Michael S. Kochin

Michael S. Kochin
Prof. of Political Science Tel Aviv University
Visiting Fellow (2014-2015), The Henry Salvatori Center, CMC
Friday, February 27, 2015
12:00 p.m., Luncheon Lecture
Kravis Center, Seminar Room 321
Claremont McKenna College
The Constitution Viewed from Without
The drive for constitutional reform in the 1780’s was largely motivated by the perception that
until the Federal government was strengthened the United States would not be able to meet its
foreign and security policy challenges. Once Prof. Kochin puts the foreign and security policy
difficulties of the 1780’s on the table, he will address two questions: First, why does The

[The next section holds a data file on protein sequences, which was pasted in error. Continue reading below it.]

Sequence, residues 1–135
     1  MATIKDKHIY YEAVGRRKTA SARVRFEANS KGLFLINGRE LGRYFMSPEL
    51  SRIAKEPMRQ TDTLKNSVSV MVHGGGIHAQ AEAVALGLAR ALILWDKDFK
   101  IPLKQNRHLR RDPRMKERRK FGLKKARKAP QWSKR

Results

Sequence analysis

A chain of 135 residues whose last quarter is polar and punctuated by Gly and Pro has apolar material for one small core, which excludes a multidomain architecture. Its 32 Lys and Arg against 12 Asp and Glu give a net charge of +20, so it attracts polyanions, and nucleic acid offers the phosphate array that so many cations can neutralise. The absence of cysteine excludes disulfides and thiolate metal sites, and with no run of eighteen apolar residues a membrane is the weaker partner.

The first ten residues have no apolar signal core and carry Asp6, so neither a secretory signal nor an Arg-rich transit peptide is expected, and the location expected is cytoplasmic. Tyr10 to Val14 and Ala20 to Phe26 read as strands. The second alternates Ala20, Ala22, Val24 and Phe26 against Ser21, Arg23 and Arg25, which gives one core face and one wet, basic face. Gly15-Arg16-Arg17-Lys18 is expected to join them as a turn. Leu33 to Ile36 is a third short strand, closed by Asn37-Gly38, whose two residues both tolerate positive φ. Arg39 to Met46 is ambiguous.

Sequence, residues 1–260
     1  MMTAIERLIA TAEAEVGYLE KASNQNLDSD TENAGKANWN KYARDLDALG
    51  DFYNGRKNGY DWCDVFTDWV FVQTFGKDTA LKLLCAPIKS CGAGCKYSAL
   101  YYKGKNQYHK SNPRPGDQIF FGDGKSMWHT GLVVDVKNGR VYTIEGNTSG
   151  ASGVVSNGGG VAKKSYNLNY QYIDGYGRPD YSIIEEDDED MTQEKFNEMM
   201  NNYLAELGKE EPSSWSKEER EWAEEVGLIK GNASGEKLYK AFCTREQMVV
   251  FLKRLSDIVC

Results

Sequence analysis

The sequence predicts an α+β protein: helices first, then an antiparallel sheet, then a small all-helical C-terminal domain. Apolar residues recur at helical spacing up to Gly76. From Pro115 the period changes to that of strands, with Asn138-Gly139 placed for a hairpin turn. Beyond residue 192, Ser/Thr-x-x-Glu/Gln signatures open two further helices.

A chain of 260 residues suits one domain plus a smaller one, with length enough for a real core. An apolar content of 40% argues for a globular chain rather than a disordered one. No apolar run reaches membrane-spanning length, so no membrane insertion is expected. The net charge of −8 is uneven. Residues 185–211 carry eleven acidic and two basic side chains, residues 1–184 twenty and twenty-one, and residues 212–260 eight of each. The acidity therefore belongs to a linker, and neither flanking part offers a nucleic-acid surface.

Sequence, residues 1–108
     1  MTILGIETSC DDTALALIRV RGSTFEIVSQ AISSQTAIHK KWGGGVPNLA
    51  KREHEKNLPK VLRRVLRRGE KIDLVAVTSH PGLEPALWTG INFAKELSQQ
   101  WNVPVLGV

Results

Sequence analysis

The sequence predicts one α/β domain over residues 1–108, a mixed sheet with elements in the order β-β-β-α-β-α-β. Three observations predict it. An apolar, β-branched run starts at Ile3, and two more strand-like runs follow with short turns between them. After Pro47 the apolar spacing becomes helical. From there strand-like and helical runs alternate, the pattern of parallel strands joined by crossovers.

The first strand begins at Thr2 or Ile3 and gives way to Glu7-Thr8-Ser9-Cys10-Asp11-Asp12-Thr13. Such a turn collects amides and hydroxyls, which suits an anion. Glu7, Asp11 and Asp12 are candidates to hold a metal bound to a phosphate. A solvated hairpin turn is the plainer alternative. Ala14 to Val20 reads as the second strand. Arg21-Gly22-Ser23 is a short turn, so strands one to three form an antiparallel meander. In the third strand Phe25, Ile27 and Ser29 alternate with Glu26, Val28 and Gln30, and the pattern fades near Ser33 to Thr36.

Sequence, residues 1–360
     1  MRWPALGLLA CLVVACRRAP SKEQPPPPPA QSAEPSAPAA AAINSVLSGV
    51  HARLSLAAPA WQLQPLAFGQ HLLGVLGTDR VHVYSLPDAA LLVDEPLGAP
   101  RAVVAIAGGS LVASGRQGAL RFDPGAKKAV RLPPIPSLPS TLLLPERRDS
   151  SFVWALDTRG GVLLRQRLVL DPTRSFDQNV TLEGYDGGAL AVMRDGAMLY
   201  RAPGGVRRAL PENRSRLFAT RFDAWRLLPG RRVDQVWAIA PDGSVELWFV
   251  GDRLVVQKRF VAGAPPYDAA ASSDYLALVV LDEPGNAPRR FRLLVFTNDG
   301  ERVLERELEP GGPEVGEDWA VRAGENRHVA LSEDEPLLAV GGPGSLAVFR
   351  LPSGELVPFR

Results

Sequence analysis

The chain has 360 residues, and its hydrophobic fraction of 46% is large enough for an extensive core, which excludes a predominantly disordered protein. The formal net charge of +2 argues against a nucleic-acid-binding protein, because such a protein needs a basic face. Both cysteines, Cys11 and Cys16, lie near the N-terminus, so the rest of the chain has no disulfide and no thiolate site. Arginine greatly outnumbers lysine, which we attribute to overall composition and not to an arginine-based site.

Federalist argue for the foreign and security policy need for the Union when nobody who
opposes the 1787 Constitution argues against the “perpetual Union” created by the Articles?
Second, what is the pressing “crisis” in foreign and security matters that in Publius’s view
should persuade the remaining states to ratify the Constitution hastily?
Michael S. Kochin is Prof. Extr. of Political Science at Tel Aviv University and Visiting Fellow
(2014-2015) at the Henry Salvatori Center for the Study of Individual Freedom at Claremont
McKenna College; he has also held visiting appointments at Toronto, Princeton, and Yale. He is
currently working on a book on early American foreign and security policy from the struggle for
independence through the 1826 Congress of Panama, An Independent Empire: Politics and
Policy in Early American Diplomacy.
Seating is limited. Lunch and refreshments will be served.
Please R.S.V.P. to ehuerta@cmc.edu by Wednesday February 25, (12:00 Noon)